Lucille’s face goes deathly still at Emil’s mentions about “digging into the past.” Even with her ‘baby’ swaddled in bandages, aching everywhere, and looking like Emil can only guess what, she can’t stop herself from exclaiming, “Look what that! Just look at what that did to you! Why do you think I took you away from New Orleans? So this wouldn’t happen! So worse wouldn’t happen! Oh, my god, I can’t believe I let y-”

Paul lays a hand on her shoulder.

“He’s alive. Let’s just be thankful for that, and get him out of the hot water he’s in now.”

That seems to draw Lucille’s attention.

Paul lectures Emil for talking to police without a lawyer, saying among other things, “Emil, the police are not your friends in a case like this. Departments and units have something they call a ‘clearance rate,’ which is the percentage of crimes to cross their desks that results in charges being filed. It doesn’t matter who they’re filed against, and when a unit’s clearance rate is high, officers get promoted. If the rate is low, they get in trouble. Cops live and die by the numbers like anyone else. These detectives are going to arrest you if they can’t find this Em person, or some other suspect, because it’s their careers on the line.”

He shakes his head. “Probably the only reason they didn’t arrest you is because you’re stuck in the hospital anyway. And maybe because they’d rather bring in another guy first. We’d better hope they arrest ‘Em’, because they’ll be coming back here if they can’t.”

“So what should we do at this point? Get him a lawyer?” asks Emil’s mother, her brow furrowed.

“Yes, absolutely,” nods Paul. “And maybe see if we can parlay the civil suit and IA complaint…”

“There’s condition for this, Emil,” his mother says slowly, looking back towards him. “No more Tulane. You transfer to another college in another city to finish your degree.”

Emil: He groans at the pain, tears welling in his eyes as his mother’s embrace squeezes at his lungs and presses on wounds, both old and new.

As he speaks, he looks more and more crestfallen.

“A condition? On my freedom? Because if what Paul is saying is true, that’s the non-choice you’re giving me right now. I don’t want to see anyone else hurt for my nosiness. Not Em, not Lucky, and definitely not you, but being here feels like home like no where else, Mom. I’m making something of myself here. Me. Alone. I have an apartment that I pay for. I have a job and students I am responsible to teach. I scored a role acting in a local film alongside a girlfriend I’m proud to stand beside. And I’m making my own way through college and I already spent the money on this semester. I don’t want to abandon all of that because one day some lunatic attacked me.”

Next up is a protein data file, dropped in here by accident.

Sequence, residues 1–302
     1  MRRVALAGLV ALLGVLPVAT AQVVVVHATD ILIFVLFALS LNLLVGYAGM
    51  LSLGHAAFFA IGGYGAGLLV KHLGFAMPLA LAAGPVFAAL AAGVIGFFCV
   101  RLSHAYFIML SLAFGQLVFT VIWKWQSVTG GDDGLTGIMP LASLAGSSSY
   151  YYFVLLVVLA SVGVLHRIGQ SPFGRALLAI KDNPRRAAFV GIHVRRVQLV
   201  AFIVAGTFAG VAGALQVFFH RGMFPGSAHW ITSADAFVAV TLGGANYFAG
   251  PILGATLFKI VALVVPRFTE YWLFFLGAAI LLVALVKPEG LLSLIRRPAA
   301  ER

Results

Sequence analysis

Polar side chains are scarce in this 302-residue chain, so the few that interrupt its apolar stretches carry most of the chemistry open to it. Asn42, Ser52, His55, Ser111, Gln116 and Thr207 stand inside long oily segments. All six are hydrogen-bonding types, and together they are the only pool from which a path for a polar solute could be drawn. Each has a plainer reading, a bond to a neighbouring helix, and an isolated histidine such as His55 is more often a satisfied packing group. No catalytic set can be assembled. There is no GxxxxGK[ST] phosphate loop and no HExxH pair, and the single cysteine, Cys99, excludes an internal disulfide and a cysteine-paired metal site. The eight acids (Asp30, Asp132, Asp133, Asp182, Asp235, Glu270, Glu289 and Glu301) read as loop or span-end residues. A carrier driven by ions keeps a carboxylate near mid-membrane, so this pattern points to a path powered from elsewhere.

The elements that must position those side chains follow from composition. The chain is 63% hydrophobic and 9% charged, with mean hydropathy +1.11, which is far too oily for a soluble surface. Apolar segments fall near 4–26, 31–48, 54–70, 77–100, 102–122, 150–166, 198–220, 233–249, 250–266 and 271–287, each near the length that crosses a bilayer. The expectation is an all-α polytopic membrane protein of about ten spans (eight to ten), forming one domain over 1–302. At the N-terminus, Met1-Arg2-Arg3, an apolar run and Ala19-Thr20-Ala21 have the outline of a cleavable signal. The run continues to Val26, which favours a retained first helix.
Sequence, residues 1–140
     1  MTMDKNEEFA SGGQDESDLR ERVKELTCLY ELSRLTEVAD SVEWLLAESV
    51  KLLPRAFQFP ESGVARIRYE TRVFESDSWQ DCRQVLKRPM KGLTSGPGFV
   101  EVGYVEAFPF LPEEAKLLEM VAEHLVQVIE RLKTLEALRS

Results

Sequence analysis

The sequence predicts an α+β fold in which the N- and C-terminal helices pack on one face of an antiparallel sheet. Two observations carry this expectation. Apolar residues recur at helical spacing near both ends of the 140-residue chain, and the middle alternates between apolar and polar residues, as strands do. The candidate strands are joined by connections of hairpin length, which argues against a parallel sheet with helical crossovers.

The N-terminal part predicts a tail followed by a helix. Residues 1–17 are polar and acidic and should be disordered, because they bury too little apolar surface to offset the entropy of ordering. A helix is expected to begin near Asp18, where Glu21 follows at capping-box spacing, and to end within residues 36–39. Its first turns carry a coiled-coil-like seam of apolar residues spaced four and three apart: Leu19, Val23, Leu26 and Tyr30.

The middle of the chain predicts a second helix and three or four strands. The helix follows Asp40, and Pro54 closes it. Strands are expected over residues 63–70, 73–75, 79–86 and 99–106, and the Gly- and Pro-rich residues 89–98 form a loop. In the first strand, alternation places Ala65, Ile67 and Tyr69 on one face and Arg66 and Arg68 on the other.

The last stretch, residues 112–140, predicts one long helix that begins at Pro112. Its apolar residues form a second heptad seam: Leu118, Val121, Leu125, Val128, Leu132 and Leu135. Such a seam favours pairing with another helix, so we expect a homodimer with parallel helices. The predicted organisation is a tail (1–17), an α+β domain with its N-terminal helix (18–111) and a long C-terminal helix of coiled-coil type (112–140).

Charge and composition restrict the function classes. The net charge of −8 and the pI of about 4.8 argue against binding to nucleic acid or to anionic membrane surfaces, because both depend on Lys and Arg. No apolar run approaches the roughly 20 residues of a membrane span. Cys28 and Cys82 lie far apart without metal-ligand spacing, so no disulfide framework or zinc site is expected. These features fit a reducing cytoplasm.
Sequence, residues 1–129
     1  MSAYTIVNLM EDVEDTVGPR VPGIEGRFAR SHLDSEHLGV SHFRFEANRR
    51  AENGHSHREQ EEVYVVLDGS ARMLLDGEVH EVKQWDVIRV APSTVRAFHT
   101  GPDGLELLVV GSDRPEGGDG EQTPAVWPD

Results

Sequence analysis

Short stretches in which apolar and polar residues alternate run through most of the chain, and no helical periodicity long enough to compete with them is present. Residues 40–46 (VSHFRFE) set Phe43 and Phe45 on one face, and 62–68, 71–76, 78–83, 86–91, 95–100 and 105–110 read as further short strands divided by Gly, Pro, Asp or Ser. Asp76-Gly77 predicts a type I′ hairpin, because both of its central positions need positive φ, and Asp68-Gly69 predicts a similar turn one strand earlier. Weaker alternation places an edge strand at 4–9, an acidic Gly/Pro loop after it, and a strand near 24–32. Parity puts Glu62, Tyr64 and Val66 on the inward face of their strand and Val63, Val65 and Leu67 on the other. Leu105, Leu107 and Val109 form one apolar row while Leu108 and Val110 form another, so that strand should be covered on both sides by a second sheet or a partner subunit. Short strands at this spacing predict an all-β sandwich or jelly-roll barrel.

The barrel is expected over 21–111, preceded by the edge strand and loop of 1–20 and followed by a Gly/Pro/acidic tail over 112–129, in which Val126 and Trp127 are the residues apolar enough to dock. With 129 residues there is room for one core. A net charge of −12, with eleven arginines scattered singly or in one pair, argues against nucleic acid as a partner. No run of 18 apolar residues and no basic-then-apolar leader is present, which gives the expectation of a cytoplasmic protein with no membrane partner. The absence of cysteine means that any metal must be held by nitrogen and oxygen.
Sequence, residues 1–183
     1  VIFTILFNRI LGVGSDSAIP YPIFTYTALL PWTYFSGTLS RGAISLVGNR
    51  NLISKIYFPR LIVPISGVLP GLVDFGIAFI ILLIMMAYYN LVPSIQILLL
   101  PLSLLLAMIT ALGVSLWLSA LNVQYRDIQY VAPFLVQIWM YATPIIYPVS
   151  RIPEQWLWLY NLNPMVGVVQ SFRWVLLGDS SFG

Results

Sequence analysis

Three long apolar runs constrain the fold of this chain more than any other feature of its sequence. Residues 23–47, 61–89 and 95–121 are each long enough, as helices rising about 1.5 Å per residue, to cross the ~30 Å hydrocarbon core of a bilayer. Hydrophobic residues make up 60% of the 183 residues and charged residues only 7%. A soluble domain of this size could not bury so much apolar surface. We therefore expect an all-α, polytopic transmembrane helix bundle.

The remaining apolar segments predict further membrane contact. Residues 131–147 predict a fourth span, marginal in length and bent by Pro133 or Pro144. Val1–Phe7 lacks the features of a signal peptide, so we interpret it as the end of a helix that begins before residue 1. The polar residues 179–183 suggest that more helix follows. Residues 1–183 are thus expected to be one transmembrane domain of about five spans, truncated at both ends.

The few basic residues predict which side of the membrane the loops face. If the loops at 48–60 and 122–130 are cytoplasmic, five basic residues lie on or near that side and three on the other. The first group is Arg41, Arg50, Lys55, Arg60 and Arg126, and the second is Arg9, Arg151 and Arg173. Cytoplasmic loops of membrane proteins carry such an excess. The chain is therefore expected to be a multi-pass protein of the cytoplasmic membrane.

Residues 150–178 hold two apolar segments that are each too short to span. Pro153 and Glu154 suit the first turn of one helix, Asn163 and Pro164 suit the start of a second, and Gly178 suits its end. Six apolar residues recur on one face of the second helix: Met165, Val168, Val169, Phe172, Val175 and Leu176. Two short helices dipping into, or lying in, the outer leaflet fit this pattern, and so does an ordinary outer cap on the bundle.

He looks at his mother, pain brimming his eyes, and then something passes beneath the murky black waters in the center of his irises, and they sharpen like his mother’s.

“But I you probably know more about the danger I’m in than I do, and only you could know the anguish of not being able to save your baby. And because I respect that, and because I love you like only a son can love his mother, I’m willing to let go of all of those precious things. Every last one of them. But you have to agree to three caveats.”

He waits for a moment to see how much his words weigh to her, whether they’re as precious to her as his breath and his beating heart.

GM: “That ‘condition’ is to keep you alive, Emil. Those people can all go to hell. They’re not my son,” his mother starts at first.

Paul gives her a look. His and Lucille’s expressions both soften at Emil’s next words. Paul hands his mother a tissue that she sniffs into.

“If it’s money you’re worried about, Emil, you don’t need to worry,” Paul fills in. “Your mom and I will keep you afloat.”

“Yes, we’ll pay for your remaining courses. You’ll have a more competitive degree anyway from a place with a real computer science program,” his mother adds.

Emil: Emil shakes his head and tries to correct their assumption.

“Right now I’m worried about you hearing me. Because I do care about these people, because leaving here is not something I can do easily. Because you’re good parents in a terrible situation and I’m under a danger I’m apparently blind to. I need you to listen. Because the things I ask for are things that I need from you. Will you hear me out?”

GM: “Of course, Emil. What do you need?” Paul asks.

His mother simply nods her own agreement.

Emil: Emil begins with his first need. “Em is a man chosen by God to be a hero, you agreed with me just a moment ago. I couldn’t live with myself if my obsessive curiosity caused him to get hurt. Our God does not want to turn good, young men into martyrs. Men do not get punished for other men’s sin. That is not the way of the God of Abraham. But you’re right, Paul, the police need to do their jobs and they will arrest him, I practically gave him up myself because I wasn’t thinking.”

Emil masks his face with his hand, a gore-stained raised stitch holding the skin together on its dorsal aspect, making a jagged line across his eyes like some awful censor bar. He rests it in his lap and then requests, “We need to get him a good lawyer, and pay for it ourselves. We can push the blame on someone who truly deserves punishment, like the thief from the cemetery.”